To date, only two North Korean athletes had qualified for the games, figure skaters Ryom Tae Ok and Kim Ju Sik, however, the country’s National Olympic Committee did not meet an October 30 deadline to accept their spot. There has been talk of the International Olympic Committee (IOC) granting an additional quota, something previously proposed by Choi Moon-soon, governor of the Gangwon province that will host the Winter Games.
Kim’s sudden willingness to reach out to the South has surprised analysts, leading to suggestions that it may be part of a new strategy aimed at driving a wedge between Seoul and Washington.
Stratfor Vice President of Strategic Analysis Rodger Baker told CNN that Kim may be seeking to “exploit Seoul’s sense of insecurity” by enlisting South Korea in pushing back against tighter US containment.
“By suggesting North Korea will send a delegation to the Olympics, the North may also add impetus to the South’s offer to delay joint defense exercises with the US, and may add to some of the differences between Seoul and Washington in coordinated North Korea policies,” said Baker, referring to comments made by Moon during an interview with NBC in November in which the South Korean leader hinted at the possibility of delaying joint military exercises with the US until after the Winter Olympics.
Since coming to office in May, Moon’s willingness to seek a diplomatic solution to the Korean crisis has on occasion appeared at odds with that of the US, and in particular, that of US President Donald Trump. In September, Trump accused Moon of seeking “appeasement” with North Korea following the successful completion of Pyongyang’s sixth and most powerful nuclear test.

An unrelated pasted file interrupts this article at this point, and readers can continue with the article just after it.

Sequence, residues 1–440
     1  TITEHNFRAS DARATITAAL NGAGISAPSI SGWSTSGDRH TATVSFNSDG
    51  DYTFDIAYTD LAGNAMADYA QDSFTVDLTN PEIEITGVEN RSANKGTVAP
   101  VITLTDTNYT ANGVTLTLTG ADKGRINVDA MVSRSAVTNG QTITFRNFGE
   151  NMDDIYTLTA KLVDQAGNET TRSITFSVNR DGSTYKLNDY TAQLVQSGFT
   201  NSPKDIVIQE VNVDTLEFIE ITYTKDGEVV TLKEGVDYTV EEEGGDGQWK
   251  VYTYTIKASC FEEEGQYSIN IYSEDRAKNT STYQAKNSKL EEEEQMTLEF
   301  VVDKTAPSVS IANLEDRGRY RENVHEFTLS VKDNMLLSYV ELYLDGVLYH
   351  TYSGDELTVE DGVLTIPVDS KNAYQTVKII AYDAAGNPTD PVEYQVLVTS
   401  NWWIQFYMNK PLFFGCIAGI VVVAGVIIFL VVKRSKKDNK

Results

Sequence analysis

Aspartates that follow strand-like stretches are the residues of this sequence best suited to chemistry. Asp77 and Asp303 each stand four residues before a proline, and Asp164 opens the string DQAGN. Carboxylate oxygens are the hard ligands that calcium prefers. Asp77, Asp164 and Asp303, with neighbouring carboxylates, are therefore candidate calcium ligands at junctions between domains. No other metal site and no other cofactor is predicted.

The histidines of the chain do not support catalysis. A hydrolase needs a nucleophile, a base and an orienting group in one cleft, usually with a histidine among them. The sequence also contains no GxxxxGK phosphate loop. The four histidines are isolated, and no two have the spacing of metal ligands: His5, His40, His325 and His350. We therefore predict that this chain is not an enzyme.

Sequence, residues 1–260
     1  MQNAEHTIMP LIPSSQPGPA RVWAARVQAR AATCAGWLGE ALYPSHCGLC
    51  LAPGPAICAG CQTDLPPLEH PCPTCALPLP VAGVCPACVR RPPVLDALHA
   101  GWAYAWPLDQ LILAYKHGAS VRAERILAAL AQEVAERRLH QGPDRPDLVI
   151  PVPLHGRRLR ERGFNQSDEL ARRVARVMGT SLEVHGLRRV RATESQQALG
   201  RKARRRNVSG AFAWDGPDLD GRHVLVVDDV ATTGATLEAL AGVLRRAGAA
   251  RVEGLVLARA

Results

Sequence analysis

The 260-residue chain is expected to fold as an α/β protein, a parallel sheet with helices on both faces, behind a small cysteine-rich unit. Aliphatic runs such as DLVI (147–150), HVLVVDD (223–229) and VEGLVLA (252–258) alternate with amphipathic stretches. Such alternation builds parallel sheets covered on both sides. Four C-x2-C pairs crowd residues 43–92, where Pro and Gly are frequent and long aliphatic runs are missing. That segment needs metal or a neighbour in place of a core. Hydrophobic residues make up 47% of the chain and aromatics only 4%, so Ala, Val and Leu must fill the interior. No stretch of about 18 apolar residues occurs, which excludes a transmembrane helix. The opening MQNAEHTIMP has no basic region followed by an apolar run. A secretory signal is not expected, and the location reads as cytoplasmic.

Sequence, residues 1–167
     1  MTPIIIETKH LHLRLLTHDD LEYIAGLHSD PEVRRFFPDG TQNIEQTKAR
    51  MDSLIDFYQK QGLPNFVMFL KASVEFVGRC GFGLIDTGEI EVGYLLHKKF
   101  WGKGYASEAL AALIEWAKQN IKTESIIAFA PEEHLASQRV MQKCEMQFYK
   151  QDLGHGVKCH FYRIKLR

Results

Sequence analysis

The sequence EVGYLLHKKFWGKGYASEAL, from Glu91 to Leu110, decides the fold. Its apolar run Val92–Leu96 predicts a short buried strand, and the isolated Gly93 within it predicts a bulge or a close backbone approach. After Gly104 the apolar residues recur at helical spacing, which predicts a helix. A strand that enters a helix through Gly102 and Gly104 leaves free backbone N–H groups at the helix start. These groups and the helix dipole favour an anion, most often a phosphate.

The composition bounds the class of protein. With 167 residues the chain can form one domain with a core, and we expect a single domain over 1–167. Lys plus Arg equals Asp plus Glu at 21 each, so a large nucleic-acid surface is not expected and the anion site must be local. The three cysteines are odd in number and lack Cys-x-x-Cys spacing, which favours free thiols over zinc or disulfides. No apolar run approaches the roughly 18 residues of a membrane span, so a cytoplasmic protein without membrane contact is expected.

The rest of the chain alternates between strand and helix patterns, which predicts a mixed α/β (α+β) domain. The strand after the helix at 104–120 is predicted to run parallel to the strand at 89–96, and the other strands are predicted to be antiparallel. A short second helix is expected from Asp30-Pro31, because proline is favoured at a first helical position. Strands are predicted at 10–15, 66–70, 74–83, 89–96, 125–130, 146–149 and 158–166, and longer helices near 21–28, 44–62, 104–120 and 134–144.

Moon’s stance has been compared to the so-called “Sunshine Policy” of the liberal governments of 1998 to 2008. Under the Sunshine Policy, Seoul actively engaged Pyongyang, which led to closer relations on both sides of the border and saw two South Korean presidents visit the North Korean capital. However, the approach ultimately failed to halt North Korea’s nuclear weapons program.
Speaking Monday, Moon said improvements in inter-Korean relations was “not a matter that can go a separate way from the issue of resolving the North Korean nuclear issue.”
“I also ask the Foreign Ministry to closely consult with our allies and the international community to push for both an improvement in inter-Korean relationship and the resolution of the North Korean nuclear issue at the same time,” said Moon.
Tong Zhao, a fellow at the Carnegie-Tsinghua Center in Beijing told CNN that North Korea does “not want to appear threatening and provocative.”
“He (Kim) wants to convince the international community that his nuclear weapons are purely for self-defense and wants to have a negotiated solution with the United States on the basis that he gets to keep its nuclear deterrent capability, Zhao said.
“After achieving a preliminary strategic deterrent capability, North Korea might want to deescalate tensions and see(s) the Winter Olympics as a golden opportunity. The games make it possible for Washington and Seoul to meet Pyongyang’s demand for self-restraint — adjusting their military exercises — without losing face and appearing weak on Pyongyang.”